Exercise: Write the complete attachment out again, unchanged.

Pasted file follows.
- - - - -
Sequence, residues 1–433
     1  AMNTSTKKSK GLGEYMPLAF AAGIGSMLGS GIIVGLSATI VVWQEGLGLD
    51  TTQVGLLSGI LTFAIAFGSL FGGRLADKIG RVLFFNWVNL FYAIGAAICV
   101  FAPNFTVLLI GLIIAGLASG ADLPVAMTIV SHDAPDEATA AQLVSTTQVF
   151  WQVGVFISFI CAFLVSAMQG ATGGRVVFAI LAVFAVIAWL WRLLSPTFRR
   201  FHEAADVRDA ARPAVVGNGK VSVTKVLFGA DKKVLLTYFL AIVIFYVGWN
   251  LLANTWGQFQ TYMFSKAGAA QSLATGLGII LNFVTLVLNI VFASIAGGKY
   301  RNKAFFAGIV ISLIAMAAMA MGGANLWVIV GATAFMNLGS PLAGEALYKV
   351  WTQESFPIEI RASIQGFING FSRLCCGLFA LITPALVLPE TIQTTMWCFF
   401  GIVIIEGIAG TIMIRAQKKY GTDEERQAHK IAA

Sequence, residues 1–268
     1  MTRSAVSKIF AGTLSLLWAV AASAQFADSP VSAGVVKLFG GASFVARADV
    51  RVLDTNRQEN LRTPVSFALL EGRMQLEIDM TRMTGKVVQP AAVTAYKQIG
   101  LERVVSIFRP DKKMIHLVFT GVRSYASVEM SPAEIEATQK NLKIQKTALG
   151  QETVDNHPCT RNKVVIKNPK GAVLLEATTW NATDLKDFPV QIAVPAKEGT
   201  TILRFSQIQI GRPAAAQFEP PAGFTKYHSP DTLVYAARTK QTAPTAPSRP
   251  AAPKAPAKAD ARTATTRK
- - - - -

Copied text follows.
Sequence, residues 1–433
     1  AMNTSTKKSK GLGEYMPLAF AAGIGSMLGS GIIVGLSATI VVWQEGLGLD
    51  TTQVGLLSGI LTFAIAFGSL FGGRLADKIG RVLFFNWVNL FYAIGAAICV
   101  FAPNFTVLLI GLIIAGLASG ADLPVAMTIV SHDAPDEATA AQLVSTTQVF
   151  WQVGVFISFI CAFLVSAMQG ATGGRVVFAI LAVFAVIAWL WRLLSPTFRR
   201  FHEAADVRDA ARPAVVGNGK VSVTKVLFGA DKKVLLTYFL AIVIFYVGWN
   251  LLANTWGQFQ TYMFSKAGAA QSLATGLGII LNFVTLVLNI VFASIAGGKY
   301  RNKAFFAGIV ISLIAMAAMA MGGANLWVIV GATAFMNLGS PLAGEALYKV
   351  WTQESFPIEI RASIQGFING FSRLCCGLFA LITPALVLPE TIQTTMWCFF
   401  GIVIIEGIAG TIMIRAQKKY GTDEERQAHK IAA

Sequence, residues 1–268
     1  MTRSAVSKIF AGTLSLLWAV AASAQFADSP VSAGVVKLFG GASFVARADV
    51  RVLDTNRQEN LRTPVSFALL EGRMQLEIDM TRMTGKVVQP AAVTAYKQIG
   101  LERVVSIFRP DKKMIHLVFT GVRSYASVEM SPAEIEATQK NLKIQKTALG
   151  QETVDNHPCT RNKVVIKNPK GAVLLEATTW NATDLKDFPV QIAVPAKEGT
   201  TILRFSQIQI GRPAAAQFEP PAGFTKYHSP DTLVYAARTK QTAPTAPSRP
   251  AAPKAPAKAD ARTATTRK